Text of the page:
Dakota peoples emerged from a long history linked to the demise of Hopewell and later Mississippian archaeological cultures, and arrived in Minnesota/Wisconsin taking advantage of the region’s mosaic of forests, lakes and prairies. The ancestral Dakota were associated with the specific mid-western Woodland archaeological complexes: the Initial (c. 200 BC–AD 500) and the Terminal (c. AD 500–1680) traditions. Concentrated at the Mississippi River headwaters in the parkland transitions zones between forest and prairie, the Dakota exploited the plentiful resources of these ecotones. Linguistically part of the Siouan language family, dialects emerged to distinguish the Dakota proper (Mdewakanton, Wahpeton, Sisseton, and Wapakute) and middle division (Yanktonai and Yankton) from the western division Lakota (Teton).

Dakota expansions onto the eastern prairies in the mid-17th century were a response to the population increases that came with access to French trade goods, including firearms. In the early 18th century, as Ojibwa-Dakota conflict increased over control of hunting territories and access to traders in the Mississippi watershed, the Lakotas moved west onto the prairies, crossed the Missouri to the high plains, and continued their expansion westward to control the Black Hills. As horses came through the trade networks, Lakotas expanded in number and flourished because of the abundant game resources. Their expansions were composed of forays into neighbouring regions that comprised the border regions and territories of their enemies: Lake of the Woods and Rainy Lake, Turtle Mountains/Pembina Hills, as well as the Souris, White Earth, and Missouri-Yellowstone Rivers regions.

The Dakota, once abandoned by the French in the early 18th century, became allies of the British and were increasingly bound to them by treaties and trade alliances, involving fighting as British allies in the War of 1812. From the arrival of the Americans with the Pike expedition to the upper Mississippi in 1805, uneasiness characterized relations for much of the next decades. While the French had been acculturated as kinsmen, the English replaced these roles imperfectly; and when the Americans arrived, they did not grasp the importance of reciprocity for the Dakota. Treaties of friendship and trade gave way to extorted land cessions; the American appetite for land and resources was never satiated. By the 1850s the Dakota were left with reservations upon which they were allowed to reside only at the discretion of the President of the United States. This dependency left them vulnerable and periodically destitute. Minnesota became a territory in 1849 and a state in 1858, surrounding them and filling up their former lands. While less circumscribed, the Lakota and Yankton-Yanktonai participated in the 1851 Fort Laramie Treaty that began a process of fixing the boundaries of tribal territorial domains, with pledges of annuities for cessation of intertribal warfare. However, as the United States drifted toward civil war, promises to Indians were all but forgotten amidst the graft and corruption in the Indian service.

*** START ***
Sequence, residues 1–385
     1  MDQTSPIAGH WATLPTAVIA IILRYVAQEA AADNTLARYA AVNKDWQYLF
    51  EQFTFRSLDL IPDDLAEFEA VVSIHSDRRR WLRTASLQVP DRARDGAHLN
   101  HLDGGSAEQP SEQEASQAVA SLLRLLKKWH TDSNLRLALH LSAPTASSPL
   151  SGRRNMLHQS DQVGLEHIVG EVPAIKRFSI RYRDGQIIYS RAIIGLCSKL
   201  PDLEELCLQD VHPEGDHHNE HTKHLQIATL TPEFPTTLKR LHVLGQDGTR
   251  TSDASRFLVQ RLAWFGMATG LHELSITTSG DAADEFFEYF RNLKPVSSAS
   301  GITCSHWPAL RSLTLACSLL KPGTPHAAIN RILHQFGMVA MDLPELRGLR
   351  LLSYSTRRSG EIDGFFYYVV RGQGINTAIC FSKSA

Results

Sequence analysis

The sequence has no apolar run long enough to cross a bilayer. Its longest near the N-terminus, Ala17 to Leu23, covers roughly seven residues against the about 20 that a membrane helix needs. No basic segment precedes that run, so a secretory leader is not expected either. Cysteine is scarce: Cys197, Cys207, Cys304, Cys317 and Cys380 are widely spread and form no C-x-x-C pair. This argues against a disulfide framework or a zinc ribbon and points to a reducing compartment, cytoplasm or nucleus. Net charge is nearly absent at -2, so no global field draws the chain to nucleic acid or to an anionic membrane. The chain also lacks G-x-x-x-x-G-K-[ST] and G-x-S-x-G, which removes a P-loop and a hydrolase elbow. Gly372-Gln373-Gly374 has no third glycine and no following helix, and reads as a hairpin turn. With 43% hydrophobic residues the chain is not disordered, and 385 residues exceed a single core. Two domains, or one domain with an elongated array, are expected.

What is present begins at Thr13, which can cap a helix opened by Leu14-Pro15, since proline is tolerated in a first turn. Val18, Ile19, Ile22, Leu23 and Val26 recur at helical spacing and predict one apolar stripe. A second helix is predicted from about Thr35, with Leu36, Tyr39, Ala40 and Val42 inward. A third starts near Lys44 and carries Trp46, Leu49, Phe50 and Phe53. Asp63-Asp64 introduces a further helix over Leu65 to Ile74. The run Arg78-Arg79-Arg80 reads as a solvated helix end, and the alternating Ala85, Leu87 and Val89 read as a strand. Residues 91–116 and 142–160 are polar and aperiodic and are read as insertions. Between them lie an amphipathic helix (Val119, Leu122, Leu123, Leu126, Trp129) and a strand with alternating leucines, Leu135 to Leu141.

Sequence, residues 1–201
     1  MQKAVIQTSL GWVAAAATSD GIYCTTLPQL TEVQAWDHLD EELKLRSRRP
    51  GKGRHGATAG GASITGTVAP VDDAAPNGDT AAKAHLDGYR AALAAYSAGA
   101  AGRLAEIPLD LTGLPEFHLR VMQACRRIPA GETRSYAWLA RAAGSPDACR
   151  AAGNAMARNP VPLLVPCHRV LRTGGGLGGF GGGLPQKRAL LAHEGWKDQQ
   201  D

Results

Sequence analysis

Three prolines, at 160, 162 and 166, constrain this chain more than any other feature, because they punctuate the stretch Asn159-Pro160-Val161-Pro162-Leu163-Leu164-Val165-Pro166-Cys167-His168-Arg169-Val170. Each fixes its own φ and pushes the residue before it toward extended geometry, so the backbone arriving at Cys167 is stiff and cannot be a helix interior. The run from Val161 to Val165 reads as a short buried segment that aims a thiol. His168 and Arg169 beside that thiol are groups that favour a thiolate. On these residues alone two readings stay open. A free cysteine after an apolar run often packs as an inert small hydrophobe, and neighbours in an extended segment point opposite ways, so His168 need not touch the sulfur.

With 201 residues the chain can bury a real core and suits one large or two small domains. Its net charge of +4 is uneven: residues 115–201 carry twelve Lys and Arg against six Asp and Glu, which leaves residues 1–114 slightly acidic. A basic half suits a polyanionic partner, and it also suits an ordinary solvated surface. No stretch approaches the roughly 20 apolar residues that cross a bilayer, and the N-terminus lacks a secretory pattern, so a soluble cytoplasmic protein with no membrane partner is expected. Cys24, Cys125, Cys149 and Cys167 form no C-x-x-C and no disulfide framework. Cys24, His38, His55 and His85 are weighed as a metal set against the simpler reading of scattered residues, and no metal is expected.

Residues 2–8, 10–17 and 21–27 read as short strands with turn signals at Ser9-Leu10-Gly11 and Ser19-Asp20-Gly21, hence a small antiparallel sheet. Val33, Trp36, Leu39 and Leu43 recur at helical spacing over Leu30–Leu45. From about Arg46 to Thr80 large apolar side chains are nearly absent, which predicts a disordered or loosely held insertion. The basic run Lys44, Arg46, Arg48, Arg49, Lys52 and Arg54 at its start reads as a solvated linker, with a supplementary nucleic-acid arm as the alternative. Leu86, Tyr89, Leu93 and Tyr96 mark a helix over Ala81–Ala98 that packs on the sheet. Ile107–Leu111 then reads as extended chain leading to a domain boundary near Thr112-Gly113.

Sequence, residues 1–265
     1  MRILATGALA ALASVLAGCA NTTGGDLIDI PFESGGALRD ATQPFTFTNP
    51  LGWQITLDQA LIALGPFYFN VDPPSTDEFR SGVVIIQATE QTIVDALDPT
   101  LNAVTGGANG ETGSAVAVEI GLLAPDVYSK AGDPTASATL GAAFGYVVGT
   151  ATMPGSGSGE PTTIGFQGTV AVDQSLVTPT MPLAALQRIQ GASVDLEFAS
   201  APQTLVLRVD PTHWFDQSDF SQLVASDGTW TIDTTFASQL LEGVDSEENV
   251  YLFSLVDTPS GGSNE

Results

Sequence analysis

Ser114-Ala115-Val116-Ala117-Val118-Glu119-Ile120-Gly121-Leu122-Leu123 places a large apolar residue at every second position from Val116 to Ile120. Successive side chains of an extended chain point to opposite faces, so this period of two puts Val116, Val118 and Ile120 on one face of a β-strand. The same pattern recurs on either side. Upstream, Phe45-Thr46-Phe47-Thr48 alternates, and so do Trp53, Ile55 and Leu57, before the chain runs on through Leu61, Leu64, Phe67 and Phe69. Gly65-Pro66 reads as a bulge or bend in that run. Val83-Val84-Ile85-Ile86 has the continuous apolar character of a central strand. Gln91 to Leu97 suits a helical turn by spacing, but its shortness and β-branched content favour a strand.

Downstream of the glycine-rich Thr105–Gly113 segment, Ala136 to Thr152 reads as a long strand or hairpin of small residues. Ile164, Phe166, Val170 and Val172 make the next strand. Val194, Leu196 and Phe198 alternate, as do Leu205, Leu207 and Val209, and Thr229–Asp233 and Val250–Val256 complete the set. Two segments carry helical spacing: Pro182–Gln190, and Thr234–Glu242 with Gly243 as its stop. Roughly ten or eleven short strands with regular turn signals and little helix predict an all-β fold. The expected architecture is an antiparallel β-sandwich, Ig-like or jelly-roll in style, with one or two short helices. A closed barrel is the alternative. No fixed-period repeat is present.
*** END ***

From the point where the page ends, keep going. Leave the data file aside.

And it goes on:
The collision of events and circumstances that led to the Dakota outbreak were numerous. The breaking point was reached between August and December of 1862, when young men refused to watch their families starve any longer. With the onset of fighting, the diaspora of many Dakota began as vast numbers fled onto the prairies of eastern Dakota Territory, then north into Canada—first to the vicinity of the Red River settlement, then westward into present-day western Manitoba. Standing Buffalo led his followers back into Montana Territory, where he was killed in battle on June 5, 1871. His son, taking his father’s name, led part of this group back into Canada, eventually settling on the Standing Buffalo reserve in 1878. White Cap had led followers into Manitoba and eventually into what became Saskatchewan, but when forced by the Métis to join in the fighting in 1885, White Cap’s group was punished; however, once rehabilitated they were given a reserve at Moose Woods. A group led by Hupa Yakta, previously affiliated with White Cap in 1890, asked for a reserve at Round Plain, which came to be called Wahpeton. Most of the followers of Sitting Bull went south and preceded his surrender to US authorities on July 19, 1881; however, a small group of Lakota remained and struggled for survival at the edges of Moose Jaw, and were finally granted a reserve at Wood Mountain in 1910. While reserves at Oak River, Birdtail, and Oak Lakes had been established for Dakota in the 1870s, and others for the Portage la Prairie bands in 1886 in Manitoba, the Dakota communities in Saskatchewan and Manitoba remained extremely isolated.

The contemporary Dakota/Lakota communities in Saskatchewan have remained outside of treaty, and have had differential relations with the various jurisdictions among which they must deal. A contemporary movement among the Sioux in Saskatchewan is pressing for treaty adhesions to bring them into full status and equal relations with Canada, as are the other First Nations within Saskatchewan.

David Reed Miller

Further Reading

Elias, P.D. 1988. The Dakota of the Canadian Northwest: Lessons for Survival. Winnipeg: University of Manitoba Press; White, R. 1978. “The Winning of the West: The Expansion of the Western Sioux in the Eighteenth and Nineteenth Centuries,” Journal of American History 6 (2): 319–43.